Do you know there’s a hidden history of Android out there, buried under Android.com?
A casual stroll through the Internet Archive’s Wayback Machine revealed a treasure trove of Android memorabilia. Like the little-known fact that Android.com, at first, had nothing to do with Android’s creator and that sheep and ants might have some things in common.
March 2, 2000 - $75,000
As you can see, Android.com had humble origins. Nothing but an expensive, parked domain, it would take a couple of years before someone found a use for it.
June 4, 2002 - Sneaky
This cryptic message seems to suggest that Android is about to take over the world. Unfortunately, it would be a few years before the OS saw daylight.
At the time Palm and Microsoft licensees were battling for supremacy in the Age of PDAs — Palm with it’s supremely accessible Palm OS and everyone else with high-powered Pocket PCs. It was a very similar fight to Apple (ease of use, design) versus Android (flexibility, openness).
The excitement was real — imagine having 64 MB of memory in the palm of your hand? — but the technology wasn’t quite there yet. No fast cellular networks meant owners had no way to access the Internet on the go and screens, while in color now, were extremely low-res making reading a pixelated mess.
Sept. 24, 2003 - At the movies
A production company was now the owner of Android.com. It sounds like they were into the whole DV revolution — or maybe the nascent independent film movement brought forth by Miramax and other boutique studios. Anyway, they were based in NYC and had nothing to do with technology. I wonder where they are now?
April 10, 2004 - Under new direction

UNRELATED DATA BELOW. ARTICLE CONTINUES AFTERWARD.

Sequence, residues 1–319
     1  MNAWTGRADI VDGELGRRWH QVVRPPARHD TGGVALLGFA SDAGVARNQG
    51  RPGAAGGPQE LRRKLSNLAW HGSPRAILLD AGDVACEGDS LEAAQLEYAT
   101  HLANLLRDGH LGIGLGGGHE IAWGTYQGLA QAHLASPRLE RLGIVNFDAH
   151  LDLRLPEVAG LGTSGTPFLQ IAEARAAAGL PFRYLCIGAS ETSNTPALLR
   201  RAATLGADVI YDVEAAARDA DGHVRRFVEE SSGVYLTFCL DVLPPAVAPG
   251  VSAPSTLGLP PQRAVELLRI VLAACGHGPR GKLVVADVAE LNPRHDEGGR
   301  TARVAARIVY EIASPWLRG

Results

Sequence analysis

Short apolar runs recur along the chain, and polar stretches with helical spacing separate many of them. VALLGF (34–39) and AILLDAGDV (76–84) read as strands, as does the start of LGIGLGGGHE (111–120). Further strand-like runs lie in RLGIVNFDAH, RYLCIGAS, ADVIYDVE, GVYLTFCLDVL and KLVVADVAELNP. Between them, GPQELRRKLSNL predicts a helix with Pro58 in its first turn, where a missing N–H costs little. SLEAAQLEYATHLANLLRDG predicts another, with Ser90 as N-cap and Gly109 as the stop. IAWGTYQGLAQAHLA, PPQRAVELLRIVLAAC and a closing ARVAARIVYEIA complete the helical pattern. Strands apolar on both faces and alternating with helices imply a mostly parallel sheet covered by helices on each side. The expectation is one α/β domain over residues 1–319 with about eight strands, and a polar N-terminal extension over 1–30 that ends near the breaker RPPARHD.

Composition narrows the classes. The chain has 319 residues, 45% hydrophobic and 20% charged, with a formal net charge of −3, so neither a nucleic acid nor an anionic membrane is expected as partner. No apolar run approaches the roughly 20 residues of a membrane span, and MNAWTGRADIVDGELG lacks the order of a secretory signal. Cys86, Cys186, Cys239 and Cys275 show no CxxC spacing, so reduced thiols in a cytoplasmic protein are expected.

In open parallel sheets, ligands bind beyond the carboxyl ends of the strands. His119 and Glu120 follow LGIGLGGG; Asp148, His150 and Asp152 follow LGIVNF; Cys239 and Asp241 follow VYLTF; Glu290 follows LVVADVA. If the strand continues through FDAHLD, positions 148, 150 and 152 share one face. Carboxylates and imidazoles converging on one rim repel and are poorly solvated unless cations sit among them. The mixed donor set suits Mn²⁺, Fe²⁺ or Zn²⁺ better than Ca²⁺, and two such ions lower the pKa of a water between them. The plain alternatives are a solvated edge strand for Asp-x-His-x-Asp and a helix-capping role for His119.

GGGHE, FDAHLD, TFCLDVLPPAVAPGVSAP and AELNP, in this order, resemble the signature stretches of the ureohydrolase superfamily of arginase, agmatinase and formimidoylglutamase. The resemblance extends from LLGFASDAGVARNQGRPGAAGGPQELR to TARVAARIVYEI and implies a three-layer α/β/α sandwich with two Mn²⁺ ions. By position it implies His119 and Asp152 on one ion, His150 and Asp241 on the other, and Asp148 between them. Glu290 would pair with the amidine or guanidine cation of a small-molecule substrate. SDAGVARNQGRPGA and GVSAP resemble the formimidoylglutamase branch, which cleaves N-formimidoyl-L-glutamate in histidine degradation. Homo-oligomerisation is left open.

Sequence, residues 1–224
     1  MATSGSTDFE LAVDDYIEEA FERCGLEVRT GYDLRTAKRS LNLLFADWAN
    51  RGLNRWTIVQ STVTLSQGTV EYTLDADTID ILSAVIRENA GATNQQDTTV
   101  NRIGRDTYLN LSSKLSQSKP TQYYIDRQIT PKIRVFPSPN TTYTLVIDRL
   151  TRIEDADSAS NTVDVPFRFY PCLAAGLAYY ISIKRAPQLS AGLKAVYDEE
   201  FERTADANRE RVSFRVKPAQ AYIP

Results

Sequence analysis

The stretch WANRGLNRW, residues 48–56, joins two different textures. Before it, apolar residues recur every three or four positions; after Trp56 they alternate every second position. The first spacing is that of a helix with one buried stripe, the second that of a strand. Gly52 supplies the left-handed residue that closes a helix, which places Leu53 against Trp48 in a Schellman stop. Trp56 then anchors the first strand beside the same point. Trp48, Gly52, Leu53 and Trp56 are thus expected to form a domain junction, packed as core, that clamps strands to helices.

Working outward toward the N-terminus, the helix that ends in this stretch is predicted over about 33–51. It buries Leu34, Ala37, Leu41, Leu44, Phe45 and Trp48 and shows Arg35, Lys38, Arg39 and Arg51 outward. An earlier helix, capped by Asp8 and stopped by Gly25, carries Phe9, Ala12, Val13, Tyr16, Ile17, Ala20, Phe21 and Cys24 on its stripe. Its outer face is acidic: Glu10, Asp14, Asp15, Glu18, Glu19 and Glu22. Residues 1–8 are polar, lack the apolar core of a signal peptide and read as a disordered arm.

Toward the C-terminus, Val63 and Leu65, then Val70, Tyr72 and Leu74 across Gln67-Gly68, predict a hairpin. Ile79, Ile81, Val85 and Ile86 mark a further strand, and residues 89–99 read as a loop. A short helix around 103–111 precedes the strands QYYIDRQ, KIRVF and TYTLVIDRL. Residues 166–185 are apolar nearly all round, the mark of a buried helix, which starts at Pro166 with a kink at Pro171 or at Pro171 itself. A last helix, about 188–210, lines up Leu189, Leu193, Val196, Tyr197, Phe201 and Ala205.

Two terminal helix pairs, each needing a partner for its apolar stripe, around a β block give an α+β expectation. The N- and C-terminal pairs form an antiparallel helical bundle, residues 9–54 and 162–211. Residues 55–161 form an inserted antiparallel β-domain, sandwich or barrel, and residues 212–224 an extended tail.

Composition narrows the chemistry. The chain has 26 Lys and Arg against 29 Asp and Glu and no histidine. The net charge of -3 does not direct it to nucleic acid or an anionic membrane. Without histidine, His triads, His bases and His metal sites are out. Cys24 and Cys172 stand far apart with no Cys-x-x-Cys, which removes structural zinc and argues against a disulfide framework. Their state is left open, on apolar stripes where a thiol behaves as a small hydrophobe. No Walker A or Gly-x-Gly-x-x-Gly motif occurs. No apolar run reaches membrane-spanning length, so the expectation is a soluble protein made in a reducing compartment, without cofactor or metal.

Andy Rubin takes over after the production company. It looks like he started using Android.com as a personal web site.
If you hover over the first hyperlink, “work,” it will take you to Danger’s homepage, where Andy was the CEO for period of time. Danger’s HipTop (later renamed Sidekick) was a huge hit with teens and a veritable pioneer. Sidekicks would eventually become mini-smartphones with amazing functionality, hinting at Andy’s true calling.
May 4, 2004 - Not the Droid you’re looking for
Now THIS is a thing of beauty. I don’t remember seeing this image anywhere on the web. It could be Andy’s way of revealing Android to the world — maybe the company was in stealth mode by then. Nonetheless, can you picture Android taking off with this mascot? I can’t either.
[image credit: kalleh]
The site then goes back to the same layout from 04/10/2004. The pattern repeats a few times, until…
June 8, 2004 - Lazy ant
The Android head is back. If you click on it, you’ll see this:
Who, do we dare ask, are the ants?
[comic credit: dbort]
April 11, 2005 - Google Maps of Mystery
The infamous maps. I can only guess the Palo Alto location means Danger (and later on, Android); Seattle means T-Mobile and Boston is related to Android’s co-founder Rich Miner.
Reader Michael Martin solved the Boston mystery: Rich Miner.
Reader Casey Rain explains: “Danger’s HQ was in Palo Alto, not Seattle. However, Danger partnered with T-Mobile in the US for the Hiptop/Sidekick range and T-Mobile are based in Bellevue, WA, just 10 miles or so out from Seattle. So it could possibly refer to that.”
Dec. 10, 2005 — Robot.net
The maps are gone, replaced by the usual minimalistic design. However, if you click on the “Work” hyperlink, you’ll see THIS instead:
Andy seems to be having fun with the press — and maybe people like you and me. This is all about guessing where he will work next, since by now he has “officially” been away from Danger for a long time.
Google bought Android in July 2005. Why did Andy have a question mark in place of his current job?
Another thing I don’t get is the robot.net reference.
April 10, 2008 - OHA
Android.com now leads straight to http://www.openhandsetalliance.com
Oct. 18, 2007 was the last time Andy Rubin used Android.com as a personal page. It’s a straight jump to April 10, 2008 when Google is starting to assemble the Alliance to fight against the Galactic Empire… Oops, wrong movie.
Oct. 14, 2008 — Robot dreams
The robot we all know and love finally makes his appearance. T-Mobile’s G1 would be launched soon (Oct. 22) and developers were already furiously working on submissions for the Android Developer Challenge.
I’m sure most of you know much more than me. Contributions will credited (if you’re interested in that sort of thing) and very much appreciated.
And if you learned anything from this post, please help me share it with the Tweeters and Friendfaces of the world :)